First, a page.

Evangelical Christian Baptists of Georgia

Evangelical Christian Baptists of Georgia

Basic information

  • Author(s):
    • Malkhaz Songulashvili
  • Published: September 1, 2015
  • Publisher: Baylor University Press
  • Page count: 521
  • ISBN: 9781481301107

Evangelical Christian Baptists of Georgia

Malkhaz Songulashvili, former Archbishop of the Evangelical Baptist Church of Georgia (EBCG), provides a pioneering, exacting, and sweeping history of Georgian Baptists. Utilizing archival sources in Georgian, Russian, German, and English—translating many of these crucial documents for the first time into English—he recounts the history of the EBCG from its formation in 1867 to the present.

While the particular story of Georgian Baptists merits telling in its own right, and not simply as a feature of Russian religious life, Songulashvili employs Georgian Baptists as a sustained case study on the convergence of religion and culture. The interaction of Eastern Orthodox, Western Protestant, and Russian dissenting religious traditions—mixed into the political cauldron of Russian occupation of a formerly distinct eastern European culture—led to a remarkable experiment in Christian free-church identity. Evangelical Christian Baptists of Georgia allows readers to peer through the lens of intercultural studies to see the powerful relationships among politics, religion, and culture in the formation of Georgian Baptists, and their blending of Orthodox tradition into Baptist life to craft a unique ecclesiology, liturgy, and aesthetics.


“This story keeps surprising. In a rather open and humble style, Songulashvili describes how he and fellow leaders discovered to what contextualizing the gospel calls serious Christians, and what it can cost. Above all, this book presents a probing evangelical Protestant missiology that demands serious reading by western Catholic, Orthodox, and Evangelical missiologists…Songulashvili’s book needs to be on a list of absolutely necessary reading in preparation for the dialogues that must come.”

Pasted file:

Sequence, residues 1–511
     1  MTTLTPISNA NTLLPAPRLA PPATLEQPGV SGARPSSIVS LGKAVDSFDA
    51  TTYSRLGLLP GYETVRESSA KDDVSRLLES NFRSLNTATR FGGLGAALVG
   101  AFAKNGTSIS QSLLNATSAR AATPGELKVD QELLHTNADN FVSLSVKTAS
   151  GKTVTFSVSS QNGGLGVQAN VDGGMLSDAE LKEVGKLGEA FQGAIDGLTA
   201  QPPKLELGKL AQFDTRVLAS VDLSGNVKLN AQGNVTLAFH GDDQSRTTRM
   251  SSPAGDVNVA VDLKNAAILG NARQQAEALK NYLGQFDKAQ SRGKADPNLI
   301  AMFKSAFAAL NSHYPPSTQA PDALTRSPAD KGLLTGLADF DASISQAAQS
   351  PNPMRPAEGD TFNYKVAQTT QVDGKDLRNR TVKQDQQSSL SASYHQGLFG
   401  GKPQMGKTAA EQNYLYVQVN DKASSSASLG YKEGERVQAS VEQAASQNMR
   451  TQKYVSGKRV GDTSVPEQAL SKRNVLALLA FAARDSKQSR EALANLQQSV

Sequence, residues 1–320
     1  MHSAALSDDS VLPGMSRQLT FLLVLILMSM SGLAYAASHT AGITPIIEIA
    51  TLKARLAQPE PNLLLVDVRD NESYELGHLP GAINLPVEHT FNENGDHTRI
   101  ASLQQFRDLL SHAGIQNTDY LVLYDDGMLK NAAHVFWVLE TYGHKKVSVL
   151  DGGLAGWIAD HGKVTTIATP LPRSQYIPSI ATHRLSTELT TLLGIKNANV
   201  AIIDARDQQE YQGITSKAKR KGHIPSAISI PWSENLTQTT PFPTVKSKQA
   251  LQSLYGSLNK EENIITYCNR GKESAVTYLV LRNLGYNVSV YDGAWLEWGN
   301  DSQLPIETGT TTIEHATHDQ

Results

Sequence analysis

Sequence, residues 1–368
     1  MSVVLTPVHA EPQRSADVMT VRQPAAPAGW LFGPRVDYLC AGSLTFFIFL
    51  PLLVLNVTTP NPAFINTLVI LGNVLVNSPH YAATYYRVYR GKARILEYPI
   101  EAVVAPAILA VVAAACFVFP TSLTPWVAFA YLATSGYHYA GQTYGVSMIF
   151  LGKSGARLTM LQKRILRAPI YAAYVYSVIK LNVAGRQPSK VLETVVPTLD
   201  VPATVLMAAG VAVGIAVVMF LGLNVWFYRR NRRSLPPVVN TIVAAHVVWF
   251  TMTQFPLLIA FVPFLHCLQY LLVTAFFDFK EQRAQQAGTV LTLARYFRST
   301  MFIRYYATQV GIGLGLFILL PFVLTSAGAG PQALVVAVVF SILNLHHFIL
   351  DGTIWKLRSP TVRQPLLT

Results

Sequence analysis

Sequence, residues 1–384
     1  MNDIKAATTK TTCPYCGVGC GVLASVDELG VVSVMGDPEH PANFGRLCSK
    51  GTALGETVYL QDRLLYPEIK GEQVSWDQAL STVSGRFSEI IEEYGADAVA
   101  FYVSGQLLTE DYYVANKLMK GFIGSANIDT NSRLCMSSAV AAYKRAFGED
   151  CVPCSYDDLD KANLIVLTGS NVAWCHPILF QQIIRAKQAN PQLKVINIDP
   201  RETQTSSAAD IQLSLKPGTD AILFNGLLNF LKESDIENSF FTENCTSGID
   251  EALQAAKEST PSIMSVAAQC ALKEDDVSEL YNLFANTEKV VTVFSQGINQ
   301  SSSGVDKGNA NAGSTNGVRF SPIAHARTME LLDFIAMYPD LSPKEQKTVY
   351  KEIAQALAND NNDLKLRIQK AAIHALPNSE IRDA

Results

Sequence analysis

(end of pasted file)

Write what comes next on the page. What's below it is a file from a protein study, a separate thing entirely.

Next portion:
—Walter Sawatsky, Occasional Papers on Religion in Eastern Europe

“Unique indeed is this account of the way in which the Baptist community in Georgia has responded in its life, liturgy, and mission to the peculiar context of the Georgian nation, which has been powerfully shaped by the Georgian Orthodox Church. In a work of rich significance for theologians, church historians, and missiologists, Bishop Malkhaz Songulashvili draws attention to the indigenous roots of the Baptist movement in Georgia, its development under both Tsarist and Soviet rule, and its courageous attempts to engage in culturally relevant mission today.”

—John Briggs, Professor Emeritus, the University of Birmingham and former Director, Baptist History and Heritage Centre, Regent's Park College, University of Oxford

Evangelical Christian Baptists of Georgia is a truly remarkable and original book. Songulashvili’s skills as a historian and theologian have produced essential reading not just for those interested in the life of Baptists, but for all who are concerned with the Christian church during and after the Soviet era in Eastern Europe.”

—Paul S. Fiddes, Professor of Systematic Theology, University of Oxford and Principal Emeritus, Regent’s Park College, Oxford

"This is by far the finest book on the evangelical movement in the former Soviet Unionthat I have ever read... In this formidable work, Songulashvili offers the most comprehensive study of the evangelical movement in Georgia yet to have appeared in the English language."

—Joshua T. Searle, Studies in World Christianity

“This book is essential reading for Western Christians."

—Stephen Platten, Church Times

"A significant addition to the field of Eastern European evangelical research”

—Toivo Pilli, Baptistic Theologies

“More than an ethnographic or even a historical report, Songulashvili's vivid historical narrative highlights the centrality of God's mission in an indigenous culture, demonstrating how the triangle of church, mission, and culture have interacted to energize non-Western missionaries to ‘go and make disciples of all nations.’”

—Ashti Mamash, Fides et Historia

“Drawing on a wealth of hitherto unused primary material, Malkhaz Songulashvili recounts the history of the Baptists in Georgia and discusses their sufferings, their dilemmas under Soviet persecution, and their subsequent embracing of Orthodox spirituality and ecclesiology. As a former archbishop of the Evangelical Baptist Church of Georgia, Songulashvili writes with unique authority about this astonishing synthesis of Evangelical activism with Eastern Christianity.”

—David Bebbington, Professor of History, University of Stirling


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